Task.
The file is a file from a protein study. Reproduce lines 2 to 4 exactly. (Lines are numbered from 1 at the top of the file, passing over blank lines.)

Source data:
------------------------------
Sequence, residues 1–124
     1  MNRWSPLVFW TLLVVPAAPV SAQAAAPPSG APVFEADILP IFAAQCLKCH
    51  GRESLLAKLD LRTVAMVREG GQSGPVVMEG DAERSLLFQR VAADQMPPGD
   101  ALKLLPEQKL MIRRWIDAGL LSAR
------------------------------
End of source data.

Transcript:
     1  MNRWSPLVFW TLLVVPAAPV SAQAAAPPSG APVFEADILP IFAAQCLKCH
    51  GRESLLAKLD LRTVAMVREG GQSGPVVMEG DAERSLLFQR VAADQMPPGD
   101  ALKLLPEQKL MIRRWIDAGL LSAR